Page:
How fortunate we are to live at a time when so many great recordings are available of such legendary pianists born 100 years ago or more. Long may we continue to listen to and learn from them!

Conclusion: A Centennial Celebration of Pianistic Brilliance

On the shared birthday of two piano luminaries, György Cziffra and Walter Gieseking, we embark on a journey through the varied tapestry of their artistry, revealing the distinctive styles and interpretative mastery that characterize their contributions to the world of classical music. Despite their differences, both pianists command respect and admiration for their unique approaches, showcasing the richness of pianistic expression.

György Cziffra, a Hungarian virtuoso born a century ago, often faced the misconception that his technical brilliance overshadowed musical depth. However, a closer examination of his performances dispels such notions. In Scarlatti’s Sonata in A Major K.101, Cziffra reveals not only stunning virtuosity but also an extraordinary sensitivity, elegant phrasing, and refined tonal colors. His interpretation of Liszt’s Hungarian Rhapsody No.6 exemplifies his mastery of idiomatic inflection and technical prowess, with jaw-dropping dexterity that must be seen to be believed. In Franck’s Variations symphoniques, filmed in 1965, Cziffra’s musicality shines through, demonstrating a masterful touch devoid of harshness—a testament to his nuanced and sensitive approach.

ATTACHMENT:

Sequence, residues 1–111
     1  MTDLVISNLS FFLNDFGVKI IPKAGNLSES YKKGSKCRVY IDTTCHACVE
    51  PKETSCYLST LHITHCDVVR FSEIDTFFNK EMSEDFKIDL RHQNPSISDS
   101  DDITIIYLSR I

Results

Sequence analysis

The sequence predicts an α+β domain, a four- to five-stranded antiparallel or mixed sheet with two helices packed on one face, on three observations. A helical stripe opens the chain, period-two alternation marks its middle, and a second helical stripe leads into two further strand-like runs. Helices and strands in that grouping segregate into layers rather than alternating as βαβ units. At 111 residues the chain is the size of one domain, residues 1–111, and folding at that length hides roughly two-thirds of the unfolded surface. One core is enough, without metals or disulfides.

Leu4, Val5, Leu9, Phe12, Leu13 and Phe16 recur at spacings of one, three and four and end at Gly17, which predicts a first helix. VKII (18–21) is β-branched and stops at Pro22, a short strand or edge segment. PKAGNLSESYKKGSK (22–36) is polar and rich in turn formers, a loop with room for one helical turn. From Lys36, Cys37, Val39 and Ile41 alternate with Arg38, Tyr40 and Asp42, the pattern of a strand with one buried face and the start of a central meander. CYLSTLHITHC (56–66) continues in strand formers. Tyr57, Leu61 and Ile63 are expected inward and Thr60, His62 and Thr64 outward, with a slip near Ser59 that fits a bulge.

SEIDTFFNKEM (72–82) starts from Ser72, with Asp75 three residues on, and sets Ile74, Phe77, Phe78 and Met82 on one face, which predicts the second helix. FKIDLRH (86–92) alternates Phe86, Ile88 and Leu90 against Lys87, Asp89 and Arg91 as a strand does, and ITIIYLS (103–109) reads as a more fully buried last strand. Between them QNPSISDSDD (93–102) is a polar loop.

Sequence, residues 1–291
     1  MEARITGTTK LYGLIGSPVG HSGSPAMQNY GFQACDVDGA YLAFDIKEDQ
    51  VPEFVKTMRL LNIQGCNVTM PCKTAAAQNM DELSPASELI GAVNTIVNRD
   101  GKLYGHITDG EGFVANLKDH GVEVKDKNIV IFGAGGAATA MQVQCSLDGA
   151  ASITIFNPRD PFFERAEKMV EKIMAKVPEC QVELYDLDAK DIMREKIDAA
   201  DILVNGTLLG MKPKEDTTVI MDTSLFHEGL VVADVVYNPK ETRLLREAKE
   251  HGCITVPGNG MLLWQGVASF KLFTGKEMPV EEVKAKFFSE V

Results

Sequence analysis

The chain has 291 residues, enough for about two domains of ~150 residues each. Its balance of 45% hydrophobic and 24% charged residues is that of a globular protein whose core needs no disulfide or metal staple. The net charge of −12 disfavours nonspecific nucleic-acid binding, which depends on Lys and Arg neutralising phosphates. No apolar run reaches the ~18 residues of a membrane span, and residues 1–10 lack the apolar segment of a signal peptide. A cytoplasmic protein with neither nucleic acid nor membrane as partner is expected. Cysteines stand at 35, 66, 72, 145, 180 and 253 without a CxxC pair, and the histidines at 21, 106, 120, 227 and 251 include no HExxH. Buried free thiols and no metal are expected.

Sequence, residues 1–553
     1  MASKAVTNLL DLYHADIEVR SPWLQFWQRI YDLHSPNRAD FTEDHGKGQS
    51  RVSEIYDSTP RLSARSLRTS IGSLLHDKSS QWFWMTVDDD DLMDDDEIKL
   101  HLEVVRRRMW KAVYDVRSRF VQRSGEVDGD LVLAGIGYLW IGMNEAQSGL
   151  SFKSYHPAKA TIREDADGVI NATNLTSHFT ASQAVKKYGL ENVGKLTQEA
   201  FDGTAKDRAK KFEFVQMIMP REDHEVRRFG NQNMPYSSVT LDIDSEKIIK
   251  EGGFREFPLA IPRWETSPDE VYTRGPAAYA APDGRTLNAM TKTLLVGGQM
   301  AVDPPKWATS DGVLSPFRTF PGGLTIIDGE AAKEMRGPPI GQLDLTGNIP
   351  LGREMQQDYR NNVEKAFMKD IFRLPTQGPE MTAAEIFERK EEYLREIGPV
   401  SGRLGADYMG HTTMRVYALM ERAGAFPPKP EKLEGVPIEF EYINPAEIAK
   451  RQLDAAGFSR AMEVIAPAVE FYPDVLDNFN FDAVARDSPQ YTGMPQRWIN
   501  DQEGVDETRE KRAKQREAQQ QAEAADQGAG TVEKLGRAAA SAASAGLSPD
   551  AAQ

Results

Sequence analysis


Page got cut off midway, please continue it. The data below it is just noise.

As we celebrate Cziffra’s centenary, his legacy extends beyond virtuosic displays; it encompasses a profound understanding of music, evident in his affinity for Liszt and his ability to transcend technical demands. Cziffra’s artistry, unfairly overshadowed by critical opinions, now stands resplendent for audiences to appreciate.

Walter Gieseking, born on the same day in 1895, offers a contrasting yet equally compelling pianistic narrative. Renowned for his expansive repertoire, Gieseking’s mastery extended from Bach to contemporary works. Particularly acclaimed for his interpretations of French Impressionist repertoire, his rendition of Debussy’s La soirée dans Grenade showcases luscious tonal colors, magnificent pedal effects, and subtle dynamic shadings.

Gieseking’s versatility is evident in a 1951 recording of a Scarlatti Sonata, where his crisply defined articulation and gorgeous tone captivate listeners. A discovery from 1952—a transcription disc of works by Australian composers—reveals Gieseking’s ability to breathe life into new music, demonstrating his magical pedal effects and fluid phrasing.

Both Cziffra and Gieseking, each in their own mesmerizing way, remind us of the importance of embracing a wide range of interpretative styles. Their centennial celebration serves as a poignant reminder of the wealth of recorded treasures we are fortunate to possess. In this era of abundant access to legendary performances, may we continue to listen, learn, and appreciate the diverse brilliance of these two exceptional pianists, born a century ago.